Huxley’s bleak future prophesized in Brave New World was a capitalist civilization which had been reconstituted through scientific and psychological engineering, a world in which people are genetically designed to be passive and useful to the ruling class. Satirical and disturbing, Brave New World is set some 600 years ahead, in “this year of stability, A.F. 632”--the A.F. standing for After Ford, meaning the godlike Henry Ford. “Community, Identity, Stability,” is the motto. Reproduction is controlled through genetic engineering, and people are bred into a rigid class system. As they mature, they are conditioned to be happy with the roles that society has created for them. The rest of their lives are devoted to the pursuit of pleasure through sex, recreational sports, the getting and having of material possessions, and taking a drug called Soma. Concepts such as family, freedom, love, and culture are considered grotesque.
Against this backdrop, a young man known as John the Savage is brought to London from the remote desert of New Mexico. What he sees in the new civilization a “brave new world” (quoting Shakespeare’s The Tempest). However, ultimately, John challenges the basic premise of this society in an act that threatens and fascinates its citizens.
Huxley uses his entire prowess to throw the idea of utopia into reverse, presenting us what is known as the “dystopian” novel. When Brave New World was written (1931), neither Hitler nor Stalin had risen to power. Huxley saw the enduring threat to society from the dark side of scientific and social progress, and mankind’s increasing appetite for simple amusement. Brave New World is a work that indicts the idea of progress for progress sake and is backed up with force and reason.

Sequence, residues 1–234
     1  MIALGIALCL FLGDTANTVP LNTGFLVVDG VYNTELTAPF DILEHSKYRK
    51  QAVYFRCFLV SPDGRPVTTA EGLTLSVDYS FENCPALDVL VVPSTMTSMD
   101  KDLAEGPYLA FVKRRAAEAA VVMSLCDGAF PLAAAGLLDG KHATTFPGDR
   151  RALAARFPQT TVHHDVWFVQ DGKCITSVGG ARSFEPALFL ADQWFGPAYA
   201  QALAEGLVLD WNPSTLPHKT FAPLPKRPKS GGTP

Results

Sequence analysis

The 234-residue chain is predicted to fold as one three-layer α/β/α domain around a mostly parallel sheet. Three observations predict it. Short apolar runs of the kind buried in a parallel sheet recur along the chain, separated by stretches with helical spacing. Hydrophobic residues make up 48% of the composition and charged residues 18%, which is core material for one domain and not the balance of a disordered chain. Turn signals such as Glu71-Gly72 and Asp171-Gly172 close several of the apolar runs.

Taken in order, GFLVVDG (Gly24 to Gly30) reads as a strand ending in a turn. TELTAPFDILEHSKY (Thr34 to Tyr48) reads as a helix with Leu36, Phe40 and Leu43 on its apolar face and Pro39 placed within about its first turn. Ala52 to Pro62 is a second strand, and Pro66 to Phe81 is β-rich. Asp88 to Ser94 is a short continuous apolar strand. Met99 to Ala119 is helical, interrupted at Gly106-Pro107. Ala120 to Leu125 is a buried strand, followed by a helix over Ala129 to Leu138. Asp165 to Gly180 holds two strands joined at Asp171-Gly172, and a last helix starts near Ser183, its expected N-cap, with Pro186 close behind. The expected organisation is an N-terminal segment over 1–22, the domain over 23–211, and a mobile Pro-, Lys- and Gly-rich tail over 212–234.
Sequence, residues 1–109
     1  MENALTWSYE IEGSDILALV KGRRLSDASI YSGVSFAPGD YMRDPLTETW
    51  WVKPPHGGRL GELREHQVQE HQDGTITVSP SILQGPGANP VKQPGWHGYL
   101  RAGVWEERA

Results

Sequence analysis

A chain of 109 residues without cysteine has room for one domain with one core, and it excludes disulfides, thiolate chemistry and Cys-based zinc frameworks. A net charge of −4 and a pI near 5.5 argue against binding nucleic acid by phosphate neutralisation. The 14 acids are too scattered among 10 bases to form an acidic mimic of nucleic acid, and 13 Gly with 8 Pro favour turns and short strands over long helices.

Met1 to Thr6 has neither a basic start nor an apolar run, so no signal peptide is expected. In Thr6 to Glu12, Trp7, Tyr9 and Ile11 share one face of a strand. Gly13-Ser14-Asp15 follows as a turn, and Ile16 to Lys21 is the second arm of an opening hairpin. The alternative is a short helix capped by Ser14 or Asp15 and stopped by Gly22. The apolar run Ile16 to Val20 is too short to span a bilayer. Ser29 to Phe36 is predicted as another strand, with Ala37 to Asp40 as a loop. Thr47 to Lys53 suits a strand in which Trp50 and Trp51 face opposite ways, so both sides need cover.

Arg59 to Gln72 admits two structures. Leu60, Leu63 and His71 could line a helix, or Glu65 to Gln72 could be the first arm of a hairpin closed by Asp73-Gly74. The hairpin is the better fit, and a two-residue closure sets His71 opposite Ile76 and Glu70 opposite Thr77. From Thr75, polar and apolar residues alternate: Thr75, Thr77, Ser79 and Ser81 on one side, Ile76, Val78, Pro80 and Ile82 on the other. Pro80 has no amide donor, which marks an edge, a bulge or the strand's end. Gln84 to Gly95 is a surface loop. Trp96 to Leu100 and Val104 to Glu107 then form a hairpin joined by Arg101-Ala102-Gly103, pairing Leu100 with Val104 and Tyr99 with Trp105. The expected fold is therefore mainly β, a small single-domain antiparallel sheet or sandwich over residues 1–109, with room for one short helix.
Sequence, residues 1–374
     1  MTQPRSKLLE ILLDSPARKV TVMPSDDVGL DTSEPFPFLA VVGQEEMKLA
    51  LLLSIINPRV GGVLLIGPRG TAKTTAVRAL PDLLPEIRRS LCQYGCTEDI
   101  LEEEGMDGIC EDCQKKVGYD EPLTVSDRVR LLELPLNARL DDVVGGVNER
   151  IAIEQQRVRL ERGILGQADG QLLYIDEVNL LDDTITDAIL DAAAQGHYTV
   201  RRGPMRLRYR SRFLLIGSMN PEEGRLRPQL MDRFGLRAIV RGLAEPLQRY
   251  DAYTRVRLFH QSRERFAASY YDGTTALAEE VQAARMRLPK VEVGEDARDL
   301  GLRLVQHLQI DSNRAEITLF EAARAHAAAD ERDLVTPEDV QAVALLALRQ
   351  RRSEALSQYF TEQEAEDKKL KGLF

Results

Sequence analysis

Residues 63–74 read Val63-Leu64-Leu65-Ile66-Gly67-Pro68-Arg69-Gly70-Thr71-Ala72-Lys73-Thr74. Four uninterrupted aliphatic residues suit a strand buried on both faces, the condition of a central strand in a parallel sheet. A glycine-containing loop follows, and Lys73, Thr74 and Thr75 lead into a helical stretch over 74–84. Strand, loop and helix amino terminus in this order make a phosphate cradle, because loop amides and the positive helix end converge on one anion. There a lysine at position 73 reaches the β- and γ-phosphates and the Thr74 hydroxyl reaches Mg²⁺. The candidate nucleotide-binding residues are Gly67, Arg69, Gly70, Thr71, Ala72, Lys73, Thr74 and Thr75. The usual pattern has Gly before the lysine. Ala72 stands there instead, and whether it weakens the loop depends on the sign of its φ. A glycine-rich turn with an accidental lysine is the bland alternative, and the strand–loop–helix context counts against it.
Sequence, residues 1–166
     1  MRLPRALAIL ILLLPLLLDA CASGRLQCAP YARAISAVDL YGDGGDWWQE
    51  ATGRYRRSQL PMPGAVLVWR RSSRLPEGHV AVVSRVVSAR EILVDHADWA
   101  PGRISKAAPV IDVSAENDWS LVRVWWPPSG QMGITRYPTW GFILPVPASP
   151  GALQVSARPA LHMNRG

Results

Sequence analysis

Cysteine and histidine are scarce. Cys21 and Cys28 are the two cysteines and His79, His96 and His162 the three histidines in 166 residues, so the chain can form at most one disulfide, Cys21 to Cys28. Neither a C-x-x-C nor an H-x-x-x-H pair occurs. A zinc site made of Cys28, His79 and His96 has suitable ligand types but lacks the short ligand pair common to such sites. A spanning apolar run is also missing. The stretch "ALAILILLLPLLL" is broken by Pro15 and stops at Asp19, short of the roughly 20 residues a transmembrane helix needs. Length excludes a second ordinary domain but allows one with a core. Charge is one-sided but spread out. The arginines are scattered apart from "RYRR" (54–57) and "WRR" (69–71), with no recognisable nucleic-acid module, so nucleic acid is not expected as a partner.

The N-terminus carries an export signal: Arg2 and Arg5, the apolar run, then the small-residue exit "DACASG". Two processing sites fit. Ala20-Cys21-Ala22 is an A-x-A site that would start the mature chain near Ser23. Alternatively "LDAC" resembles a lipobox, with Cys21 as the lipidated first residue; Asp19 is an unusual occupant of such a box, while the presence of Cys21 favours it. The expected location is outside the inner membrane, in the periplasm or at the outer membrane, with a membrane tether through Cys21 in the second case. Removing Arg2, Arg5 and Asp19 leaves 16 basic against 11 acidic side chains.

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There were several things that bugged me about it, though. The first thing is the characters -- I'm all about characters in my reading, and if I don't connect with a book, it's likely because I didn't get on with the characters. Brave New World doesn't really have any characters I really got to like. Those that are 'civilised' are too conditioned, too vapid, and the 'savages' are too... intense, partially just by comparison. The focus on pain and self-denial in the 'savage' society is as difficult to get behind as the unthinking, unindividuality of the 'civilised' society. Which is basically the other problem I have: that there are only two extremes. That's partially covered by the misfits who get sent off to live on islands, but not really.
The message about what constitutes humanity, what is really living, is good, though. "But I don’t want comfort. I want God, I want poetry, I want real danger, I want freedom, I want goodness. I want sin."